When earnest, scholarly William falls in love with lighthearted jokester Jerome on Chicago’s South Side, William’s family discourages the relationship. Jerome’s friends complain the two have nothing in common except being gay black men. William’s death in a traffic stop pushes Jerome into a seriousness of purpose unlike any in his free-spirited past.
Would your interest in reading this book change if you knew the author was white? Straight? A woman? From Vermont? Is it fair to evaluate a book on the basis of who wrote it? With growing demand for novels with minority protagonists, is it offensive for authors outside a given culture to jump on the bandwagon? Such issues generate heat in some circles. I’ll jump into the fray.
All novelists write about characters different from themselves; otherwise it’s a memoir. I can never be the wife of a medieval merchant. The farther I’m removed from a character’s culture, the more research and empathy it takes to avoid out-and-out errors and stereotyped, one-dimensional characters.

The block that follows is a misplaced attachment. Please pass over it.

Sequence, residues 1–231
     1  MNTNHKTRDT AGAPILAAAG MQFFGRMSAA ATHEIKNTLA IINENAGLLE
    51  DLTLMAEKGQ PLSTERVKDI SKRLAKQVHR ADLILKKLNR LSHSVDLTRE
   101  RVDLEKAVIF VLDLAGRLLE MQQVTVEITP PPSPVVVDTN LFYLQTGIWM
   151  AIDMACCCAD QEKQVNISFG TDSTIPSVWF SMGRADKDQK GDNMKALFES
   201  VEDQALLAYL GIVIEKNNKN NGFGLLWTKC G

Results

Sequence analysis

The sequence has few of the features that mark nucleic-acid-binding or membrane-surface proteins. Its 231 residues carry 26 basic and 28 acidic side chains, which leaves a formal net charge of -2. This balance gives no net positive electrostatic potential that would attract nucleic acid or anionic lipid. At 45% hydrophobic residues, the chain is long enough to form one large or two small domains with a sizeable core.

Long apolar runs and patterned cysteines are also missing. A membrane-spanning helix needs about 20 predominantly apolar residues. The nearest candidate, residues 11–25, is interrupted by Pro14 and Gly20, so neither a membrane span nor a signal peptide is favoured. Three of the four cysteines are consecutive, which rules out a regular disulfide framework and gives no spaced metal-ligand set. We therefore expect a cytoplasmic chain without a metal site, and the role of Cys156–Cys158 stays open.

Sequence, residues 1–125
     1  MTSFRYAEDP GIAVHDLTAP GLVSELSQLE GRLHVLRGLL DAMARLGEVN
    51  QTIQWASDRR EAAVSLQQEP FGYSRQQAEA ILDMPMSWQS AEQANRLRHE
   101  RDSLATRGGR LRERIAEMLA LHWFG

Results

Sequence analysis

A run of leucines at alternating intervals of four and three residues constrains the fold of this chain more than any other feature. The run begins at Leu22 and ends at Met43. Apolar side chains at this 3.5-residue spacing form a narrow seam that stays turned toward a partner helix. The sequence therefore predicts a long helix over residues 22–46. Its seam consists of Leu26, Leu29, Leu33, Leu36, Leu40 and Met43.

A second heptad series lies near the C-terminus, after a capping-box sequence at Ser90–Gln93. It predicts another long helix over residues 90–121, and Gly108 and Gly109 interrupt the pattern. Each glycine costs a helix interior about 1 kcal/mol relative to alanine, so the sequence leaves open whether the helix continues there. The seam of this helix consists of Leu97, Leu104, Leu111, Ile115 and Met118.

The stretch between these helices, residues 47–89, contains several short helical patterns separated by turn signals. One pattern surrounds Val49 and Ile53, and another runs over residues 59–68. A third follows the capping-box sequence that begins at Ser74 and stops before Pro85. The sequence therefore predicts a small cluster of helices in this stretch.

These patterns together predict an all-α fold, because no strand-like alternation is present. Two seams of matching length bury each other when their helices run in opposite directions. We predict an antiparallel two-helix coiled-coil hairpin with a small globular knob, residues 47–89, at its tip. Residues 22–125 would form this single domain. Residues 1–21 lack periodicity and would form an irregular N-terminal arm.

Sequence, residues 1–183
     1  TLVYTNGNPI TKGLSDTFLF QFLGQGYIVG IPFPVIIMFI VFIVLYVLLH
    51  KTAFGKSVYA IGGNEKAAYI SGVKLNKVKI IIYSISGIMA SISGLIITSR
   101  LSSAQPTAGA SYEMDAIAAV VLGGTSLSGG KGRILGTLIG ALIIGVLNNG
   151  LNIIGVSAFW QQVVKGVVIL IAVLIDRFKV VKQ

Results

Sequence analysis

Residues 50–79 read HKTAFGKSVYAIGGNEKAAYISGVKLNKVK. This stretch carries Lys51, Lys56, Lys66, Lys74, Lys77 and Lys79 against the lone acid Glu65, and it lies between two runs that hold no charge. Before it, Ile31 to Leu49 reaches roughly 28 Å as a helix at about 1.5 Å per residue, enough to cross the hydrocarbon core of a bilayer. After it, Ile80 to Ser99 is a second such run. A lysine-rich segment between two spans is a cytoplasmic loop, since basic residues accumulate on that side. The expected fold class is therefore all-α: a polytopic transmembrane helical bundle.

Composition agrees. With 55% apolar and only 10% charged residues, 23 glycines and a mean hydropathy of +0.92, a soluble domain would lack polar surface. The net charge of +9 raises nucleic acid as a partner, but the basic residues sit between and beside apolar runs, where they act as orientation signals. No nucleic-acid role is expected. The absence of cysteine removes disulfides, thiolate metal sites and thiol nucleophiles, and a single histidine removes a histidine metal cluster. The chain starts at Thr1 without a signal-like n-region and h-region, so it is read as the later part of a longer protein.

It can be done. The Navajo Nation honored non-Native mystery author Tony Hillerman with its “Special Friends of the Dineh Award” in 1987. Click here for his obituary in the Navajo Times. An author’s background may help me predict the credibility of a work, but the best test is how the novel comes across to people in the culture it portrays.
I'm a historian who writes novels and literary nonfiction. My home base is Madison, Wisconsin.